Technical Leadership in Systems Engineering
- 1 Technical Leadership
Technical leadership in systems engineering is exhibited by effectively communicating a vision, strategy, method, or technique needed to achieve a shared goal, which is accepted and enacted by team members, technical personnel, managers, and other project/program stakeholders. A systems engineering leader may lead a team of systems engineers for a project or program, or may be the only systems engineer who leads a team of members from the various disciplines involved in the project or program (e.g., other engineers, IT personnel, service providers). There is a vast amount of literature addressing leadership issues from multiple points of view, including philosophical, psychological, and emotional considerations (Yukl 2013). This article is concerned with the pragmatic aspects of the leading team members involved in a systems engineering project. Related knowledge areas and articles are in Part 5 Enabling Systems Engineering and the Part 6 knowledge area Systems Engineering and Project Management.
[Editorial Note: The reference in the article in the Part 6 SE and Project Management KA, “An Overview of the PMBoK Guide” should be changed from 4th ed. to the 5th ed. The publication date is 2013, if you want to include it. It should be noted that it should be changed to 5th ed. throughout SEBoK. Also, the body of the SE and Project Management KA incorrectly cites (PMI 2008); it should be (PMI 2013).]
Attributes of Effective Leaders
Some commonly cited attributes of effective leaders are listed in Table 1 (Fairley 2009):
|Listening carefully||Maintaining enthusiasm|
|Delegating authority||Saying “thank you”|
|Facilitating teamwork||Praising team for achievements|
|Coordinating work activities||Accepting responsibility for shortcomings|
|Facilitating communication||Coaching and training|
|Making timely decisions||Indoctrinating newly assigned personnel|
|Involving appropriate stakeholders||Reconciling differences and resolving conflicts|
|Speaking with individual team members on a frequent basis||Helping team members develop career paths and achieve professional goals|
|Working effectively with the project/program manager and external stakeholders||Reassigning, transferring, and terminating personnel as necessary|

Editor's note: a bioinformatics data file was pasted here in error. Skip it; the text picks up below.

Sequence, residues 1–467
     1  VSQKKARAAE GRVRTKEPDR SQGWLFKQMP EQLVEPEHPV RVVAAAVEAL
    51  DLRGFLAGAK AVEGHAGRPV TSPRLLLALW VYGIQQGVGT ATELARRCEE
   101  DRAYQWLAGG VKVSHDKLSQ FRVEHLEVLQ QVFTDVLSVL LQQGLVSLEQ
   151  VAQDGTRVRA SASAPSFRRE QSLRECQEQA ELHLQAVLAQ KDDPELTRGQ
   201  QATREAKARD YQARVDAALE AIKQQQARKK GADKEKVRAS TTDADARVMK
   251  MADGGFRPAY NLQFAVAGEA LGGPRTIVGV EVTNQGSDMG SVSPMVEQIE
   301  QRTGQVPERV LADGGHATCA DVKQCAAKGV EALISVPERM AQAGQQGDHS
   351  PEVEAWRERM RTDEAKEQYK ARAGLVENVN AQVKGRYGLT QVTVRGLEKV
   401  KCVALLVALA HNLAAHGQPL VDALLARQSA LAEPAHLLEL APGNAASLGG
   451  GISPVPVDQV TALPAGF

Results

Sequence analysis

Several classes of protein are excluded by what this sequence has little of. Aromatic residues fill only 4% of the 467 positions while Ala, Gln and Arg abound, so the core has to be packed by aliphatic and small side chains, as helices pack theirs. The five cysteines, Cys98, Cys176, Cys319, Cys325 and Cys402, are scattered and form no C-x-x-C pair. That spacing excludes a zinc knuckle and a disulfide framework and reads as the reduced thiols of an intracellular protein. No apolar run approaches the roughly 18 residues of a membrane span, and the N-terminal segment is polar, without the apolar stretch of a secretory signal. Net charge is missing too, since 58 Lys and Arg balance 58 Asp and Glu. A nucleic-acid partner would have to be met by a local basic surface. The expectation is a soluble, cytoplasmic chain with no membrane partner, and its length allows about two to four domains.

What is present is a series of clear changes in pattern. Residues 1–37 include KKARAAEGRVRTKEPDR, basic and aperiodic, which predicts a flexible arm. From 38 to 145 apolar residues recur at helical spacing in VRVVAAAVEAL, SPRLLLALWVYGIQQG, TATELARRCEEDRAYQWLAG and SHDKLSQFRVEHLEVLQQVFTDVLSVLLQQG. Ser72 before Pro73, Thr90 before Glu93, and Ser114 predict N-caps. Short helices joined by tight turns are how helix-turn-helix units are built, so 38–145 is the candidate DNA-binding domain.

Characteristics that result in effective leadership of systems engineering activities include behavioral attributes, leadership style, and communication style. In addition, a team leader for a systems engineering project or program has management responsibilities that include, but are not limited to: developing and maintaining the systems engineering plan, as well as establishing and overseeing the relationships between the project/program manager and project/program management personnel.
Behavioral attributes are habitual patterns of behavior, thought, and emotion that remain stable over time (Yukl 2013). Positive behavioral attributes enable a systems engineering leader to communicate effectively and to make sound decisions, while also taking into consideration the concerns of all stakeholders. Desirable behavioral attributes for a systems engineering leader include characteristics such as (Fairley 2009):
- Aptitude - This is exhibited by the ability to effectively lead a team. Leadership aptitude is not the same as knowledge or skill but rather is indicative of the ability (either intuitive or learned) to influence others. Leadership aptitude is sometimes referred to as charisma or as an engaging style.
- Initiative - This is exhibited by enthusiastically starting and following through on every leadership activity.
- Enthusiasm - This is exhibited by expressing and communicating a positive, yet realistic attitude concerning the project, product, and stakeholders.
- Communication Skills - These are exhibited by expressing concepts, thoughts, and ideas in a clear and concise manner, in oral and written forms, while interacting with colleagues, team members, managers, project stakeholders, and others.
- Team Participation - This is exhibited by working enthusiastically with team members and others when collaborating on shared work activities.
- Negotiation - This is the ability to reconcile differing points of view and achieve consensus decisions that are satisfactory to the involved stakeholders.
- Goal Orientation – This involves setting challenging but not impossible goals for oneself, team members, and teams.
- Trustworthiness - This is demonstrated over time by exhibiting ethical behavior, honesty, integrity, and dependability in taking actions and making decisions that affect others.
Weakness, on the other hand, is one example of a behavioral attribute that may limit the effectiveness of a systems engineering team leader.